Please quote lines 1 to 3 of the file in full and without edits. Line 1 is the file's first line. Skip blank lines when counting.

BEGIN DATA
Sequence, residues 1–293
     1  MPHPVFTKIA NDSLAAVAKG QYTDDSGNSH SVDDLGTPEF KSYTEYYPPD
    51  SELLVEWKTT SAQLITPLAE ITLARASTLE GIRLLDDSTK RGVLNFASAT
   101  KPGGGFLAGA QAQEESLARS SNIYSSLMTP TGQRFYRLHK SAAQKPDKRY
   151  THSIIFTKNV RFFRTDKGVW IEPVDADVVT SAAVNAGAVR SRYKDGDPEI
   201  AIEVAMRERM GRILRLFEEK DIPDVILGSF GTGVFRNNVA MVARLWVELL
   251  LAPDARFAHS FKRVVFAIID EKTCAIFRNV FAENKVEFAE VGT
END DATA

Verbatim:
Sequence, residues 1–293
     1  MPHPVFTKIA NDSLAAVAKG QYTDDSGNSH SVDDLGTPEF KSYTEYYPPD
    51  SELLVEWKTT SAQLITPLAE ITLARASTLE GIRLLDDSTK RGVLNFASAT